Supervisor: Dr Emma Berry (E.Berry@qub.ac.uk)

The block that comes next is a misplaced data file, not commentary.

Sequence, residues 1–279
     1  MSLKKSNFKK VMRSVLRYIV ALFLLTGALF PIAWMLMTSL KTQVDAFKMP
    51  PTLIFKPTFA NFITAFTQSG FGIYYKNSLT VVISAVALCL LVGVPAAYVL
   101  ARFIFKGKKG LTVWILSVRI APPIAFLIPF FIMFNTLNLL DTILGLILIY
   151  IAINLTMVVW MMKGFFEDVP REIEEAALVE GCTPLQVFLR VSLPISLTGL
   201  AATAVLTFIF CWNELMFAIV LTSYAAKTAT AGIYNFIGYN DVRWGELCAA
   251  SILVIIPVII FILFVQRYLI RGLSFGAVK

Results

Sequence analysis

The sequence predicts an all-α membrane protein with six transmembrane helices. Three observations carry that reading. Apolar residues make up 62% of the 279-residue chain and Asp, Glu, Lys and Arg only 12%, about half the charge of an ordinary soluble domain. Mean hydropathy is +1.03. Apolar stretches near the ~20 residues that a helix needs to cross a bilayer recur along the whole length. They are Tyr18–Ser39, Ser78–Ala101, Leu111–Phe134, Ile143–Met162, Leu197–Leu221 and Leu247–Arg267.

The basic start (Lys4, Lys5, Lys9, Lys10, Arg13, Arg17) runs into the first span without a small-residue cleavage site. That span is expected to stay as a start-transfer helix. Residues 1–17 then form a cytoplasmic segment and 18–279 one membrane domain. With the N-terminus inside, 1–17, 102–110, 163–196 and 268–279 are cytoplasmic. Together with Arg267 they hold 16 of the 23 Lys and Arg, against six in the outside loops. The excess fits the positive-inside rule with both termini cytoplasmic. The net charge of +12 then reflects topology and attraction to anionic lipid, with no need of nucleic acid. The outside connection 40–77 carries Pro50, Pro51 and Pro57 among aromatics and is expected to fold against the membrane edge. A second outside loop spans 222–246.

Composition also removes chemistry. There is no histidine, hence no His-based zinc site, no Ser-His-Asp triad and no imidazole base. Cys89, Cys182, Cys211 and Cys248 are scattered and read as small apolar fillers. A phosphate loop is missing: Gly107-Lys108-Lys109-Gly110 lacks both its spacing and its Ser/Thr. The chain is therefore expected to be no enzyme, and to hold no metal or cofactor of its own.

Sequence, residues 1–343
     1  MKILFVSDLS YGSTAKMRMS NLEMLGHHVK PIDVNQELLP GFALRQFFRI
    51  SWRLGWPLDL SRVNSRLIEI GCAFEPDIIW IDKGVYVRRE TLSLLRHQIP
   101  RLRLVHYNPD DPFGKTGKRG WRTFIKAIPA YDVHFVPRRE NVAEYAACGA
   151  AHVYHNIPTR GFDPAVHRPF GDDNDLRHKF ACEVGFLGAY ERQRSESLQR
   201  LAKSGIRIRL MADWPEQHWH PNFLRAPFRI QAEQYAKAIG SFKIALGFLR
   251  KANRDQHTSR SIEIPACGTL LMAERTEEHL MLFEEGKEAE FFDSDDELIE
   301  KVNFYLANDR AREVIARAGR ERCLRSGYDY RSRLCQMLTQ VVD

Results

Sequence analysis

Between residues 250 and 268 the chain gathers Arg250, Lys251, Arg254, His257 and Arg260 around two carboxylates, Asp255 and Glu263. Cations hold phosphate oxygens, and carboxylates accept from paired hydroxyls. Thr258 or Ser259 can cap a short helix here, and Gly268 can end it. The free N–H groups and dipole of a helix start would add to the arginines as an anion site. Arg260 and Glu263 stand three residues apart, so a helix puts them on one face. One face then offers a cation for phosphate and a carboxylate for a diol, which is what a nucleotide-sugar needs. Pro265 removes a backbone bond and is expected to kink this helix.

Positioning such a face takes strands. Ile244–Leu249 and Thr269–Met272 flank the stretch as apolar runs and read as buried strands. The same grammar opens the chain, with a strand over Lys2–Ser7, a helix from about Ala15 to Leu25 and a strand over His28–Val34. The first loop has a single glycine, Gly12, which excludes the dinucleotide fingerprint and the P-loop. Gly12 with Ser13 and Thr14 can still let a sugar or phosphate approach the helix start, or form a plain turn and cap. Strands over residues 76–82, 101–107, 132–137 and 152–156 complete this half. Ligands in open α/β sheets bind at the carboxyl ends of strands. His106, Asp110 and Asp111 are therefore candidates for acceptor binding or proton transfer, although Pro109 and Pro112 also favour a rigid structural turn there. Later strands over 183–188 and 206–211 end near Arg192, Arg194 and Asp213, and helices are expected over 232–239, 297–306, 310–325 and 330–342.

Adjusting to life with diabetes can be emotionally overwhelming for individuals and families living with the condition. Parents of children with diabetes report significant distress related to their child’s diabetes, often experiencing challenging feelings such as guilt and shock. This is important because poor psychological adjustment among parents impacts on family relations and children/adolescents’ mental health and medical outcomes. Psychological therapies and interventions are one potentially effective way to improve psychosocial adaption and mental health in families. However the evidence-base for parental and family-based interventions in diabetes is limited. One promising type of intervention, which seems particularly suitable for improving mental health and coping with chronic conditions, is Acceptance and Commitment Therapy (ACT). Via self-reflection, conversation with the therapist and mindfulness-based strategies, ACT helps a person to improve their capacity to experience and more skilfully respond to challenging internal (thoughts, emotions) and external events to make choices that support their overarching goals and values . Encouragingly, ACT has shown promising results in context of adults with Type 2 diabetes. However it has yet to be explored in paediatric diabetes, where parents are involved.